Q. Why does my scooter accelerate slowly from 0 to 5-10MPH?
Slow moving for the first roughly 10MPH or less is most often caused by one or both of two things. Issues with or improper clutch springs and/or your belt may not be in the best position for take-off.
As the rear pulley and clutch rotate, centrifugal force will try to push the clutch shoes outward. Centrifugal force increases with RPM. Eventually the force will be great enough to overcome the tension of the clutch springs trying to hold the shoes in place and cause the pads to contact the inner surface of the clutch bell. The pads will slip a little, until RPM is great enough that the clutch can fully engage with the bell and ultimately drive the rear wheel.
If the clutch springs are too soft they can't hold the clutch shoes away from the bell until RPM is high enough. This will cause poor acceleration or bogging. Many stock scooters may benefit from stiffer clutch springs. Two-strokes with expansion chamber exhausts (tuned pipes) will often lose some low RPM grunt and may require stiffer clutch springs for stronger launches. Stiffer clutch springs are available to increase engagement RPM. Don't go too stiff or you may rev above peak power or in extreme scenarios the clutch may fail to engage altogether. Ideally the clutch should engage a bit below peak power, other than perhaps in finely tuned CVTs that can remain at peak power nearly at all times. The clutch should engage before the rest of the CVT begins working/shifting so you make use of your CVT's best "1st gear" ratio.
If the variator squeezes the belt when at rest/idle, it may push it up a little in the front pulley and then it has to move down in the rear pulley a little because of typical belt lengths. You have the best take-off ratio when the belt is all the way to the center of the variator, riding on the drive boss, and to the outer edge of the rear pulley. The other ill effect of having the belt squeezed to make a different ratio at launch is that the higher ratio spins the clutch faster than normal, making it act as if you have softer clutch springs so you not only get a less than ideal "1st gear", but also lower clutch engagement RPM.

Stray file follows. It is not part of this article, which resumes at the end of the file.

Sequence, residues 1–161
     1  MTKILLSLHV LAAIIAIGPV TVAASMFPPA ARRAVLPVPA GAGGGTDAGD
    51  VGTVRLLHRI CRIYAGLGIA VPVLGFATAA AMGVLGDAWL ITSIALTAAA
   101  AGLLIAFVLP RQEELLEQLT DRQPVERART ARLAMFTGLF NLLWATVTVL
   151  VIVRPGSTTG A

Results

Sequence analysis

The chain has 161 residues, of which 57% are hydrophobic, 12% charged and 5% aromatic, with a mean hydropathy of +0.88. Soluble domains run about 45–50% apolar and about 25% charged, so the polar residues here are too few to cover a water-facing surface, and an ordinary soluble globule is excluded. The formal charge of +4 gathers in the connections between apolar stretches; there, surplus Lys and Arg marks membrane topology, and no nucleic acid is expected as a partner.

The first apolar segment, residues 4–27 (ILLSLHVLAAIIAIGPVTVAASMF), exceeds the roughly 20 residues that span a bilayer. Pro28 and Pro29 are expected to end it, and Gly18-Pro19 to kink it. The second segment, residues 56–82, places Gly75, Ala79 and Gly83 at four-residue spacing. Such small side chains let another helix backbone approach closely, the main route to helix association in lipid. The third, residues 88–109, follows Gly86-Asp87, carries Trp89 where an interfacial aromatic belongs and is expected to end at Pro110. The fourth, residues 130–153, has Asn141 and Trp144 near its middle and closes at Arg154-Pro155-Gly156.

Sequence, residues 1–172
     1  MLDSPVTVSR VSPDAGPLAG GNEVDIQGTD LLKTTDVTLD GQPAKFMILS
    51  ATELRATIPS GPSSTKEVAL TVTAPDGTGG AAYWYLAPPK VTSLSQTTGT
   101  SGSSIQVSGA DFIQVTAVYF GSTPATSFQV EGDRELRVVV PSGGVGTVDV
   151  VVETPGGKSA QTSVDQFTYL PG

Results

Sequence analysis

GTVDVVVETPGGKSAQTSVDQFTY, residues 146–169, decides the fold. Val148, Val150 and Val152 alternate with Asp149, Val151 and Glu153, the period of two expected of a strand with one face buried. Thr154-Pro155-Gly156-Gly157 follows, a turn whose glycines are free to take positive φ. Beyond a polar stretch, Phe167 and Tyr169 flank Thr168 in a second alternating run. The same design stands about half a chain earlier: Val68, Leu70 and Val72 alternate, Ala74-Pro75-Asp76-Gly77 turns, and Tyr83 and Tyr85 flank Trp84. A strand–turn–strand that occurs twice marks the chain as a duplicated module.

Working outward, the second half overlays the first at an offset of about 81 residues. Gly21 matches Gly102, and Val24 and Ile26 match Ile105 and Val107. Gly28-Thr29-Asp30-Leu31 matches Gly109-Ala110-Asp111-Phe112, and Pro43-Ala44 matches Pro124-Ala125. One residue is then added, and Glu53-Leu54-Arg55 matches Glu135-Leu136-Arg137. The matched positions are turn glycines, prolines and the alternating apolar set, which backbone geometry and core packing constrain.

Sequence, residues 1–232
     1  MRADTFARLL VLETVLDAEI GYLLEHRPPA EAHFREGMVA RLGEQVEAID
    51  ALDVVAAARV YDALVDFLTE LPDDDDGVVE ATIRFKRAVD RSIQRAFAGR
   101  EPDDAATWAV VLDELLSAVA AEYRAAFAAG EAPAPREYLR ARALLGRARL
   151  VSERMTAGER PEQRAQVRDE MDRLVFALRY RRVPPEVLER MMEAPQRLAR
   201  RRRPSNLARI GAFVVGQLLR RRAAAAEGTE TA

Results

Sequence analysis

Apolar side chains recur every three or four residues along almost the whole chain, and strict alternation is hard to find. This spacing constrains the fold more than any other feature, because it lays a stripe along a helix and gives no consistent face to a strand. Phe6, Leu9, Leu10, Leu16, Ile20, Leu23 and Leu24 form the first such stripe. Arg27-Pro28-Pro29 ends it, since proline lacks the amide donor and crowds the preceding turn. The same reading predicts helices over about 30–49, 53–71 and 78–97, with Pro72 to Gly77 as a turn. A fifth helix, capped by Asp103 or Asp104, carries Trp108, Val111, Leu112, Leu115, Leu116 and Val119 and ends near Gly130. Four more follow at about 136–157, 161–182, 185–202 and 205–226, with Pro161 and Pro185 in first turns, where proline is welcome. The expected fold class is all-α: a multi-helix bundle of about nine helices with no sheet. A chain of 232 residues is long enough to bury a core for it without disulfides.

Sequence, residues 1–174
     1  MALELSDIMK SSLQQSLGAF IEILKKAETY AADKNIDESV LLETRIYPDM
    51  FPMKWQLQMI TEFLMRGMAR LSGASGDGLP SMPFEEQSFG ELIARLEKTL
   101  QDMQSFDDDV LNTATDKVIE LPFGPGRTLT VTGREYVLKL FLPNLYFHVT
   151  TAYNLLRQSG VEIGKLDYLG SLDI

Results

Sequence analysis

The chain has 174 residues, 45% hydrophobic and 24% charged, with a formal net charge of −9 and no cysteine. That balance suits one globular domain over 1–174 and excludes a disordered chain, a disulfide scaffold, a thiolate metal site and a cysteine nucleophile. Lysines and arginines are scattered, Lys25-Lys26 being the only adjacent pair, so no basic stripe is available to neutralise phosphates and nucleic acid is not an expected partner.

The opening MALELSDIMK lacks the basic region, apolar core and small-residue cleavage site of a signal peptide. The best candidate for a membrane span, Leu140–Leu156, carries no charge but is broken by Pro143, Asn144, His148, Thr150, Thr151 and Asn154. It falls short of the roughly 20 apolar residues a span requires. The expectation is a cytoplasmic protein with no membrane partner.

Wear or damage to clutch parts may also cause slow starts. Sometimes the holes in clutch shoes wear and become elongated over time, allowing springs to fit with less tension. This has a similar effect to using a very soft spring, lowering engagement RPM, and the clutch or at least it's shoes should be replaced. If the clutch bell or the clutch become glazed or worn you may experience clutch slip, which results in elevated RPM while the clutch tries to engage. Glazed components may be able to be deglazed with sandpaper or emery cloth and then cleaned with brake parts cleaner. Belt slip can also increase RPM at launch and may be caused by a belt worn thin or glazed or issues with pulley drive faces.
Related Info :
Clutch Spring Comaparison And Info
Clutch Modifications And Upgrades
Installing Clutch Springs
Lightening The Stock Clutch For Later Engagement
CVT Assembly And Disassembly
<< Back to the Scoot F.A.Q.